Anne-Lise Prigent, editor in charge of development publications at OECD Publishing.
Can a Chinese herbalist emperor ever meet a Persian thinker of the Islamic Golden age? Well, you’d be surprised… “If my strength is needed, then I must go forth.” “I hope I can be of aid.” These are the words of Shennong, the father of traditional Chinese medicine. It is also the calling of Shennong & Avicenne, a French medical NGO. Shennong & Avicenne combines traditional and modern medicine, Western and Eastern approaches. A scientist and a philosopher, Persian Avicenna was the father of modern medicine, the 11th century’s famous Muslim “prince of physicians”. More than a thousand years after his time, new warfare seems to be emerging – it is agile and powerful, mobile and violently radical. Shennong & Avicenne helps war victims in Iraqi Kurdistan.
The UNHCR estimates that there are 2.5 million refugees and internally displaced persons in Iraqi Kurdistan. Many of them are Yazidis and Christians who have lost everything fleeing Daesh; others are Muslim. Some were made prisoners by Daesh and managed to escape. Despite efforts by the Kurdish authorities and the international community to build camps to shelter them, the influx has been so massive and so sudden that 90% of the refugees are scattered around the territory, in isolated regions far from the help and services they need. They are living in waste dumps, empty buildings, improvised camps… where sanitary conditions are catastrophic.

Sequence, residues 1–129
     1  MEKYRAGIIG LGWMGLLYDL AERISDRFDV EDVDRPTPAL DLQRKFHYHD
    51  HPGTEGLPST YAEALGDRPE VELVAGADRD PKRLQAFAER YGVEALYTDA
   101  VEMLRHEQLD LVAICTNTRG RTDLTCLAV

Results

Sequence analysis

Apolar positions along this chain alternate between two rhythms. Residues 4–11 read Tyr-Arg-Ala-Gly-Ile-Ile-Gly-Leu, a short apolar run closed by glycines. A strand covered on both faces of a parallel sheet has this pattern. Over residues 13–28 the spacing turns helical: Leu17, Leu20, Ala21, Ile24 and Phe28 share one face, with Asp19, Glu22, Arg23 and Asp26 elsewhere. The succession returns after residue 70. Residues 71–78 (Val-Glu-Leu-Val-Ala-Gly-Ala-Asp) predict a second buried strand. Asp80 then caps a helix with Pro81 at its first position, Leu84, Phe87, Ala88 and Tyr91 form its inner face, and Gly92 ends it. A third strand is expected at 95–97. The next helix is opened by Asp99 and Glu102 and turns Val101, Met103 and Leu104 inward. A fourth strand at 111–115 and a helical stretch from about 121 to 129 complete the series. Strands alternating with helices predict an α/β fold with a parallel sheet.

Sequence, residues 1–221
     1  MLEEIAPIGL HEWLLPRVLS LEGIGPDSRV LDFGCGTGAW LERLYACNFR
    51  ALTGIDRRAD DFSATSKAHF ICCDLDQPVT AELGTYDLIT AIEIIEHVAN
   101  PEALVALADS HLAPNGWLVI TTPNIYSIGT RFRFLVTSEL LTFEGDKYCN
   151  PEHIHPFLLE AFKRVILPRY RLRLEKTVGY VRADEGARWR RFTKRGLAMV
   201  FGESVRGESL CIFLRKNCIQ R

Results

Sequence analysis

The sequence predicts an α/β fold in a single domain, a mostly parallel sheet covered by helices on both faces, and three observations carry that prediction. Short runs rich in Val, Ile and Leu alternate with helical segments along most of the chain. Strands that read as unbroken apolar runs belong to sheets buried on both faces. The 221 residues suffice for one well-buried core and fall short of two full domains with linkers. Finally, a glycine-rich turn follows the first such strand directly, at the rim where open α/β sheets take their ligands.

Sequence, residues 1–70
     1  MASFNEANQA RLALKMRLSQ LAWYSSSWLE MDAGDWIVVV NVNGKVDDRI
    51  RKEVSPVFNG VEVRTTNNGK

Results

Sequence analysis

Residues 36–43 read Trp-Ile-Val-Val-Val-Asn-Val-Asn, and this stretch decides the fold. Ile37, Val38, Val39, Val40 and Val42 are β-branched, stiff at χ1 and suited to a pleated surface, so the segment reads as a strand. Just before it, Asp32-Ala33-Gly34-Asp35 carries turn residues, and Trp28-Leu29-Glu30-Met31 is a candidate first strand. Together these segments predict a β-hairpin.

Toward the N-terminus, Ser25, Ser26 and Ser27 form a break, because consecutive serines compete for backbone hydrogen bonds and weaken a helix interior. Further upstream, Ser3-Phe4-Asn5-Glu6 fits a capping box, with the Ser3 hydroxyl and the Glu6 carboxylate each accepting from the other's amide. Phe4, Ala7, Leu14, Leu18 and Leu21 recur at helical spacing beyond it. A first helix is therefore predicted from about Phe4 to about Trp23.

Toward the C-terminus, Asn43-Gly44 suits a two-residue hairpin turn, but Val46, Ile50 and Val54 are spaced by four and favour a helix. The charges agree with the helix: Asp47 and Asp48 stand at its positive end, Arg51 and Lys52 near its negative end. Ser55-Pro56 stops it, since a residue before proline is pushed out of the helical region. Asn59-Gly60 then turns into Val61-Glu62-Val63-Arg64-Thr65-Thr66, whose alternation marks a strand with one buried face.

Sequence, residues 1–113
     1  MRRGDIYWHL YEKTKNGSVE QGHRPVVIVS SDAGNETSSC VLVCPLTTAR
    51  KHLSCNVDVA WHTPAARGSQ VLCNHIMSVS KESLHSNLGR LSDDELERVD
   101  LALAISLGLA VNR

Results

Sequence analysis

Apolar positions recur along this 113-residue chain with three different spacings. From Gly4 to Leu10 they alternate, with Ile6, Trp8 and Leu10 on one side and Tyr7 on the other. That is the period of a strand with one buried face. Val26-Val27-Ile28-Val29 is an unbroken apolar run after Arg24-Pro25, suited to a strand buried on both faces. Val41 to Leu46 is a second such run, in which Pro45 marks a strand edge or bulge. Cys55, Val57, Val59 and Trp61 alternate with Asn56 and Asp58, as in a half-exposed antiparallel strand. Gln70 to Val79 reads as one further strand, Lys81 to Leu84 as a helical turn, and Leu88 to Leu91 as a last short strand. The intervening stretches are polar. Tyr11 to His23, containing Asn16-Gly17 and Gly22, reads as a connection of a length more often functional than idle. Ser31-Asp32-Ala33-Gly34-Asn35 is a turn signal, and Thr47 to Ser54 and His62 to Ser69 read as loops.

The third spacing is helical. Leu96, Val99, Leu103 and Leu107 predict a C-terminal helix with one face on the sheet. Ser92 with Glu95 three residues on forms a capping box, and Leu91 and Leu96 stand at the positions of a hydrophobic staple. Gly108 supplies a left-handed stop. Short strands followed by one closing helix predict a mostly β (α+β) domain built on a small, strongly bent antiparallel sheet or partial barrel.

Faced with this situation, Shennong & Avicenne felt they had to be next to the scattered populations who need their help. They raised funds to buy a truck in France to use as a mobile dispensary and a bus for women and children’s health care, thanks to the support of the French Ministry of Foreign Affairs and the Alliance des Femmes pour la Démocratie. Every day, Shennong and Avicenne visits more than 30 sites in the provinces of Erbil and Duhok and takes care of thousands of ailing victims.
We asked Elise Boghossian, the organisation’s founder and president, to tell us about Shennong & Avicenne and the work they are doing in Iraqi Kurdistan. Below, she talks about the philosophy behind their approach; the people they treat; the situation on the ground; and what we can do to help.
From Paris to Viet Nam through China, Elise Boghossian has become an expert “war” acupuncturist. Her recently-published book (Au royaume de l’espoir, il n’y a pas d’hiver : Soigner en zone de guerre) recounts her journey and calling. In Armenia, Jordan and Iraqi Kurdistan, Boghossian demonstrates that acupuncture is an efficient and cost-effective way of relieving pain and healing patients. Acupuncture, she argues, can become part of health care services in conflict-affected zones, where medical products are often missing or fake.
In her book, Boghossian discusses the pitfalls of aid – and how to avoid them: “I think there are two main pitfalls in aid. First, our presence can lead to dependency and create additional needs. We must accept the limits of our action, and let those we’ve come to help be autonomous, free, and most importantly, we must ensure they keep their dignity. We should support them in this. Putting things right when they’ve gone wrong is essential. The other pitfall is the inverse relationship between our need for recognition, (…) and the risk of not respecting the Other, his difference, his culture, his living conditions.”